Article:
important to understand that drug dependence is many times a human response to the stressors of

society. Many substance abusing mothers have histories of sexual abuse, domestic violence, and
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underlying mental illness and they are self-medicating as a coping mechanism (Catlin, 2012).

Fortunately, for Missy and Katy’s sake, the Tampa area has opioid dependency treatment centers

specifically designed to care for pregnant women. Mothers receive medication treatment,

counselling, and parenting classes. Healthy Start also offers intensive services to this population

both during pregnancy and after discharge. It is imperative that nursing be aware of these

services so that they are able to make referrals. Nursing is advocating for this vulnerable

population on a national level as well. The American Nurses Association published a position

paper titled “Non-Punitive Alcohol and Drug Treatment for Pregnant and Breastfeeding Women

and Their Exposed Children” advocating that nurses care equally for the infant and the mother

and connect them with needed services (Catlin, 2012). NANN is advocating for this population

also, calling to “extend our knowledge and advocacy to a population that needs us” (Catlin,

2012, p. 287); the “population” they refer to is the mother, not the infant.

Summary and Conclusions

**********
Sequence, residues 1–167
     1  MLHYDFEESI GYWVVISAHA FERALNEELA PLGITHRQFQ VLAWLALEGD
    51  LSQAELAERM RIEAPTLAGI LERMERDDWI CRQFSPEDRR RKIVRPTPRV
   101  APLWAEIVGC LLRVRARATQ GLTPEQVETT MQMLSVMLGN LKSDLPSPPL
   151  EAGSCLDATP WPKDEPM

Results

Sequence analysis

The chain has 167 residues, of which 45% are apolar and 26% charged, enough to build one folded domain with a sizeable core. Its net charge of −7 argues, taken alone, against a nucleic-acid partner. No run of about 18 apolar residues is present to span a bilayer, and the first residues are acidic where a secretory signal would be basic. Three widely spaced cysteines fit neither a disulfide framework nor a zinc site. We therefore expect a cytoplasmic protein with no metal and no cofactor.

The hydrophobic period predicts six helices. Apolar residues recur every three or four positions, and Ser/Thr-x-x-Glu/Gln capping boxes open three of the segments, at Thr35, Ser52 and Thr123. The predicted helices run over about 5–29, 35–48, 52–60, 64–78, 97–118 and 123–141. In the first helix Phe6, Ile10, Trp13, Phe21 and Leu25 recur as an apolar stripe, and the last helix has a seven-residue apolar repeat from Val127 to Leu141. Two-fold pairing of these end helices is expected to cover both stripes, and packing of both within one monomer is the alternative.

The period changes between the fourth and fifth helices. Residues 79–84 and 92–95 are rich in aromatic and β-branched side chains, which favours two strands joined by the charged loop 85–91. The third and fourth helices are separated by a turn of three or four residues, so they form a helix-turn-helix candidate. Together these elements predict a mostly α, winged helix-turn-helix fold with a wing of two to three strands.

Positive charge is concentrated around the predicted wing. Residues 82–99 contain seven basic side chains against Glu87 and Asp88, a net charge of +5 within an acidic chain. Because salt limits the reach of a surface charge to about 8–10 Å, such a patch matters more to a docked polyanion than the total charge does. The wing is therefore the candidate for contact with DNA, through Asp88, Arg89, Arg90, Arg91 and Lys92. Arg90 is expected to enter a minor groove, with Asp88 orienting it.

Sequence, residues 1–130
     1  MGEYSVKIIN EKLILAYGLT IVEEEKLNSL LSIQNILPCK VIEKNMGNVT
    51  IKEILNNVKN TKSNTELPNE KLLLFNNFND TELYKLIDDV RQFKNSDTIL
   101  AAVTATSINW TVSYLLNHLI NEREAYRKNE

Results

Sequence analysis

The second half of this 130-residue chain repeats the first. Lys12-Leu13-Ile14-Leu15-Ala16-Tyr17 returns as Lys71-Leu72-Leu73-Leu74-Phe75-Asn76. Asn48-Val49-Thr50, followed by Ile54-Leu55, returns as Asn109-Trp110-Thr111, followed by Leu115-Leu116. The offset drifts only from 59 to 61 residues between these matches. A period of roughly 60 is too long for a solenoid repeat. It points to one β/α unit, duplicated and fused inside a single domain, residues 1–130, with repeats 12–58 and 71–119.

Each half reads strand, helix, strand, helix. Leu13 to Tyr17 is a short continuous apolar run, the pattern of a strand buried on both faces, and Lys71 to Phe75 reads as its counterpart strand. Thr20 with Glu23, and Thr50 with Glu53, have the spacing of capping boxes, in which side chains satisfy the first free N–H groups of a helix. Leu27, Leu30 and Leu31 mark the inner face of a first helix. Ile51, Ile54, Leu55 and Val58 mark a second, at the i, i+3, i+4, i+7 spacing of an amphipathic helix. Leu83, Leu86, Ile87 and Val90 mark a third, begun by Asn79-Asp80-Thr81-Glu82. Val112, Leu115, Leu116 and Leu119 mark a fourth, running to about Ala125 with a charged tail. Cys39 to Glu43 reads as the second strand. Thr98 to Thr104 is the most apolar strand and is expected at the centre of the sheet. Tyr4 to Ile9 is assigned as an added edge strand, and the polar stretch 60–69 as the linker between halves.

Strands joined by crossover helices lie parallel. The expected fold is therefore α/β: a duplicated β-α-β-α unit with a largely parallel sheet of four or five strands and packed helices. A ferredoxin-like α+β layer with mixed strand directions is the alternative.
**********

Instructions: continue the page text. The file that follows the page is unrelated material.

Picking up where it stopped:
Katy was discharged to her mother after a three week stay in the NICU. To my

knowledge, Katy was not readmitted so I can only hope that all went well. I hope I was able to

influence Missy in some small way. Caring for an infant with NAS and the substance-abusing

parent, although not technically challenging, poses one of the most difficult, demanding clinical

situations. The nurse must care for both the infant and the parent; each presenting the nurse with

a unique set of clinical problems. I was able to utilize all the “ways of knowing” to provide

comprehensive, therapeutic care for this dyad.


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References

Carper, B. (1978). Fundamental patterns of knowing in nursing. Advances in Nursing Science,

1(1), 13-23.

Catlin, A. (2012). Call for improved care for the substance-positive mother. Advances in

Neonatal Care, 12(5), 286-287. doi:10.1097/ANC.0b013e318267bb41

Hudak, M., & Tan, R. (2012). Neonatal drug withdrawal. Pediatrics, 129(2), e540-e560.

doi:10.1542/peds.2011-3212

McEwen, M., & Wills, E. M. (2011). Theoretical basis for nursing (3rd ed.). Philadelphia, PA:

Lippincott Williams & Wilkins.

National Association of Neonatal Nurses website. (n.d.). http://www.nann.org

Nelson, M. (2013). Neonatal abstinence syndrome: the nurse’s role. International Journal of

Childbirth Education, 28(1), 38-42.

Sublett, J. (2013). Neontal abstinence syndrome: Therapeutic interventions. The American

Journal of Maternal Child Nursing, 38(2), 102-109.

doi:10.1097/NMC.0b013e31826e978e

Suchman, N., Pajulo, M., DeCoste, C., & Mayes, L. (2006). Parenting interventions for drug

dependent mothers and their young children: The case for an attachment-based approach.

Family Relations, 55, 211-226. doi:10.1111/j.1741-3729.2006.00371.x

White, J. (1995). Patterns of knowing: Review, critique and update. Advances In Nursing

Science, 14(4), 73-86.